Time for China to learn the value of privacy
China’s Communist government has never shown much concern for the privacy of Chinese citizens. If one has something to hide, the thinking goes, they probably need to know it.
In one form or another, surveillance and monitoring have evolved into a well-honed form of social control. And as a result, neither companies nor consumers have traditionally had very high expectations for individual privacy.
That might have been fine before more than 700 million Chinese went online, and before the government began counting on sectors such as e-commerce to ease the economy’s dependency on investment and exports.
If China’s biggest online players want to chart a bigger role for themselves at home and abroad, they are going to need to start taking privacy much more seriously.
The problem came into sharp focus this month, with new data showing that the Chinese police had arrested 4,261 suspects in 1,886 cases related to the theft of personal information last year. That is a steep increase from prior years. Between 2010 and 2014, there were roughly 260 prosecutions under China’s law prohibiting the sale of personal information.
Last year’s suspects included nearly 400 “industry insiders” in banking, e-commerce, telecommunications and delivery services. One estimate placed losses related to these reported crimes at US$13.2 billion (S$18.5 billion). Almost certainly, the scale of the problem is much bigger.
Several factors have made the Chinese vulnerable to identity theft. One is cultural. Broadly speaking, Chinese society favours collective rights over individual ones.
Privacy, except for the wealthiest and most powerful, has historically been a rare luxury, especially in a country where households were typically crowded, multi-generational and located in tightly knit rural communities.
Compared to the snooping most people accepted at home, the government’s poking around in one’s business probably did not feel like such an extreme violation.
Companies have taken advantage of this lackadaisical attitude. The service agreement for Alibaba Group Holding’s Alipay mobile payments system grants Alipay carte blanche, in perpetuity, to disclose user information to third-party vendors; this can include behavioural profiles based on transaction and location history. Users have almost no recourse if they feel that the data has been misused.
And Alipay is hardly alone. Tencent Holdings, China’s biggest videogame company and owner of its most popular social media programme, ranks well below international peers such as Alphabet (formerly known as Google), Facebook, and Twitter in its efforts to protect user data. According to a 2015 survey by a Chinese Internet security organisation, 44 per cent of Chinese websites had security vulnerabilities that led to data leakages.
Cyber thieves have little to fear from the law. Earlier this month, Chinese police arrested a ring of 96 suspects involved in pilfering personal data; one was an engineer at JD.com, one of China’s biggest Internet retailers, who had a record of doing the same thing at other internet firms.
Many third-party brokers ply their trade in the open. In one recent, high-profile example, a journalist with one of China’s leading newspapers reported how he was able to obtain a colleague’s banking information, real-estate transaction history, hotel reservations, border entry-exit records and travel information for roughly US$100. When he tried to report the third-party service he had hired to provide the data, multiple law enforcement agencies brushed him off.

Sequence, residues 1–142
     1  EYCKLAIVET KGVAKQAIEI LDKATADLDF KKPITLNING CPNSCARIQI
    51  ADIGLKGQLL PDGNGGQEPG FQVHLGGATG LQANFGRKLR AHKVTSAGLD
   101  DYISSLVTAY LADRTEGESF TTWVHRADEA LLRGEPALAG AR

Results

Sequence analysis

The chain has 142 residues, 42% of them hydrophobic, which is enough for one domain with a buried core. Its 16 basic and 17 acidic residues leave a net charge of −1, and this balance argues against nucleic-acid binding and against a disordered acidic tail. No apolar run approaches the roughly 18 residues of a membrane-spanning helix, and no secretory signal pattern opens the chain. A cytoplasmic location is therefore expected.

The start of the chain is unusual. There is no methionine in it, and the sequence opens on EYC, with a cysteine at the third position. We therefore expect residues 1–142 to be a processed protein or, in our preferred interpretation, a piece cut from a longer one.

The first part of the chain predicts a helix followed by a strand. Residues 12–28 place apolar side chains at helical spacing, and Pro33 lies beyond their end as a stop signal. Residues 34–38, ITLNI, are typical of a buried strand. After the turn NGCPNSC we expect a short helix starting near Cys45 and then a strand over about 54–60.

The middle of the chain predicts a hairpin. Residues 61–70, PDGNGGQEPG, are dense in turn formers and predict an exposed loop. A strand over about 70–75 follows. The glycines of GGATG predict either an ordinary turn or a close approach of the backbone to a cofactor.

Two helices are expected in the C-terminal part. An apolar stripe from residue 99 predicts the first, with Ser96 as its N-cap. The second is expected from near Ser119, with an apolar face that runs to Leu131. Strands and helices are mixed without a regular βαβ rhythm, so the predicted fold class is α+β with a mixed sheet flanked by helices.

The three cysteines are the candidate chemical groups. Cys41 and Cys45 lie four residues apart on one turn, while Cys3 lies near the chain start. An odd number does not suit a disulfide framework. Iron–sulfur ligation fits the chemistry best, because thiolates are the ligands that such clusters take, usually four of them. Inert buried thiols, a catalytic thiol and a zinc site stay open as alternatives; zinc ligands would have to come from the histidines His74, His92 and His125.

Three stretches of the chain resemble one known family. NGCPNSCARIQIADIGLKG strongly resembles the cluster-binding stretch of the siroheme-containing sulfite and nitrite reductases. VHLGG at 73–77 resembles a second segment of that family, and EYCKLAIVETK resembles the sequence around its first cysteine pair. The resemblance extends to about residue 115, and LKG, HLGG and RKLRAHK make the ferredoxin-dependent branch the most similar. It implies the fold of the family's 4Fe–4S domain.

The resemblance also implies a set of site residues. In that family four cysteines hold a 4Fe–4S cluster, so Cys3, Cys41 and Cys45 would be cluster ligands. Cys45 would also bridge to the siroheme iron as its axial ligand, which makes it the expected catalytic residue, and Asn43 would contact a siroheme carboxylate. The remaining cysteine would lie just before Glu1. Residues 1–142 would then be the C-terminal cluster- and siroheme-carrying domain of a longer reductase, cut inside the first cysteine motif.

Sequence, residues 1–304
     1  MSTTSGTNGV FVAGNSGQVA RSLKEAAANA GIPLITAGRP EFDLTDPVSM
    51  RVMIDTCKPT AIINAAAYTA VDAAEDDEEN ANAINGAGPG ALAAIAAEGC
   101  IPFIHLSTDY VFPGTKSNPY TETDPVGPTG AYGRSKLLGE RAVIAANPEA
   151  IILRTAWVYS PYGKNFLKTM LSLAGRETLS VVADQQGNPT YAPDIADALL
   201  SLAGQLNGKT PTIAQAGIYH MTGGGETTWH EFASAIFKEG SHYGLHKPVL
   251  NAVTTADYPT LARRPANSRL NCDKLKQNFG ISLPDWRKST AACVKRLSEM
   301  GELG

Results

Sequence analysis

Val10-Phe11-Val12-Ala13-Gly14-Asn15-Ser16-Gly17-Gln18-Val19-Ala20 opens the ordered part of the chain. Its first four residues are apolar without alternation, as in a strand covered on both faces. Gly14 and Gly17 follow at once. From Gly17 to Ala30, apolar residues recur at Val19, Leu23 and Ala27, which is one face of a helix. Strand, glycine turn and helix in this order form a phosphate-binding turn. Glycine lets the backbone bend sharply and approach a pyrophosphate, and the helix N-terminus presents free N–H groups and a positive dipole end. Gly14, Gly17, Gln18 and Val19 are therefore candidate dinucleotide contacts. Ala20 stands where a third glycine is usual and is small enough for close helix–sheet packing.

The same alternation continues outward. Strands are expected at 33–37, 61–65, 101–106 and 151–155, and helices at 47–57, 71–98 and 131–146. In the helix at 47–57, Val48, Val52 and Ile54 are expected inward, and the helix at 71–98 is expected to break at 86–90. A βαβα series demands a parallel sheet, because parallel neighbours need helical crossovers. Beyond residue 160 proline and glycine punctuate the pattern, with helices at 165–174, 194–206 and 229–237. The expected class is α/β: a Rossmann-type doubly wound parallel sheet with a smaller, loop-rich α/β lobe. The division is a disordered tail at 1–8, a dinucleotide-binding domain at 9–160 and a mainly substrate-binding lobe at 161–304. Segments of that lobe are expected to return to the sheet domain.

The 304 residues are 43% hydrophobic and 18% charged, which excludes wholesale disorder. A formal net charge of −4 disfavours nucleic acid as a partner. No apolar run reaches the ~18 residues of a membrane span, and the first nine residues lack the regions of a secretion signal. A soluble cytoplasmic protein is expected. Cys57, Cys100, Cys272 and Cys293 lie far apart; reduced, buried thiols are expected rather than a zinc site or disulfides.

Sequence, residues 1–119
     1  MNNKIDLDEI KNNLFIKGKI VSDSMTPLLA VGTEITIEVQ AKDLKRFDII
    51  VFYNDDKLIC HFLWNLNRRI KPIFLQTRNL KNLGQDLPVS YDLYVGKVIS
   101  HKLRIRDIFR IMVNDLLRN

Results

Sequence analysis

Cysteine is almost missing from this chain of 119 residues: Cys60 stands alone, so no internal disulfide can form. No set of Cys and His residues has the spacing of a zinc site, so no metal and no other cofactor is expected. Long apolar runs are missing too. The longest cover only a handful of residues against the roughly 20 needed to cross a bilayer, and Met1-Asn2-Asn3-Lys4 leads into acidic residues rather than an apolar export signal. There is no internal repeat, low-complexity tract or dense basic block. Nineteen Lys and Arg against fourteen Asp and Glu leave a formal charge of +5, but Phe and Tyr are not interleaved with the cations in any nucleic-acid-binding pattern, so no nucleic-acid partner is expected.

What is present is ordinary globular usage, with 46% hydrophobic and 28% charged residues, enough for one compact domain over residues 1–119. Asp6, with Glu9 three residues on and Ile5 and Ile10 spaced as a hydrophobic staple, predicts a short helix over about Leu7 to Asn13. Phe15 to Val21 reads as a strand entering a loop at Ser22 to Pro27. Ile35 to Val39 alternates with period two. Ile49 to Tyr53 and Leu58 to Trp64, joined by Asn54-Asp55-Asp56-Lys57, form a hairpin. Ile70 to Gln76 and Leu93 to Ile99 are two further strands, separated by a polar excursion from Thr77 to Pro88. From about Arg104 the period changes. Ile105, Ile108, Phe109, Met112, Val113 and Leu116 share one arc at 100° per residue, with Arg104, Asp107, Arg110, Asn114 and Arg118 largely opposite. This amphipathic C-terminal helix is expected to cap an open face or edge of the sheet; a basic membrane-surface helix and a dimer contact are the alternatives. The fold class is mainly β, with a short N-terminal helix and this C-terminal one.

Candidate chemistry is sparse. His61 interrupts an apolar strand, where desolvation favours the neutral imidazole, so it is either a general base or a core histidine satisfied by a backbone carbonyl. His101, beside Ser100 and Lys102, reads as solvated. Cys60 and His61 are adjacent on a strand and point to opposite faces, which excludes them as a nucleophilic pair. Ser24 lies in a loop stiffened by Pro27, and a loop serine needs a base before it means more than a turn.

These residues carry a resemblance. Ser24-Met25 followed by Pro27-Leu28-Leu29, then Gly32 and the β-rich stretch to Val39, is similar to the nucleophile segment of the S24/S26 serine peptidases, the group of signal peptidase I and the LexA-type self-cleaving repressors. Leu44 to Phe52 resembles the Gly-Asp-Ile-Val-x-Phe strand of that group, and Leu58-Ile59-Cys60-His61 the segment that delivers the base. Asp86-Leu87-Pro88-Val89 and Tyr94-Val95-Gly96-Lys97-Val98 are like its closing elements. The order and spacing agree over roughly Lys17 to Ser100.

China can no longer afford that kind of complacency. If Chinese consumers lose faith in local Internet companies, the government’s efforts to promote technology and innovation are certain to struggle.
And whatever their previous attitudes toward online privacy have been, the Chinese are growing more demanding as mobile commerce has become tightly integrated into middle-class lives.
Chinese social media exploded with outrage last summer when an 18-year-old high-school graduate suffered a fatal heart attack after losing her personal information and being defrauded of her tuition. Newspapers were soon flooded with accounts of similar scams.
Concerns about data security will also cramp Chinese companies’ ambitions to expand overseas. China wants firms such as Alibaba and Tencent to be global brands no less than Facebook or Google; Tencent’s WeChat, China’s most popular social media platform, has more than 70 million users overseas and aspires to more.
But if they cannot prevent user data from leaking at home, consumers abroad are not likely to trust them either.
In 2014, Target Corp’s revenue saw its profits halved after hackers stole credit card and other personal information from as many as 110 million customers. Chinese companies, largely unknown outside their home markets, have the added burden of making a good first impression.
The good news is that a consensus is growing in China that the problem must be addressed. Any solution will have to start with the government writing national standards on protecting online data. It cannot end there, though.
Earlier this month, during China’s National People’s Congress, Tencent CEO Pony Ma called for standards to be combined with a national system for reporting data breaches, allowing companies like his to close leaks as soon as possible. Such a system might help deter data thieves. More importantly, it would be a reminder to China’s online masses that they, too, have a role to play in protecting their privacy. BLOOMBERG
ABOUT THE AUTHOR:
Adam Minter is an American writer based in Asia, where he covers politics, culture and business. He is the author of Junkyard Planet: Travels in the Billion-Dollar Trash Trade.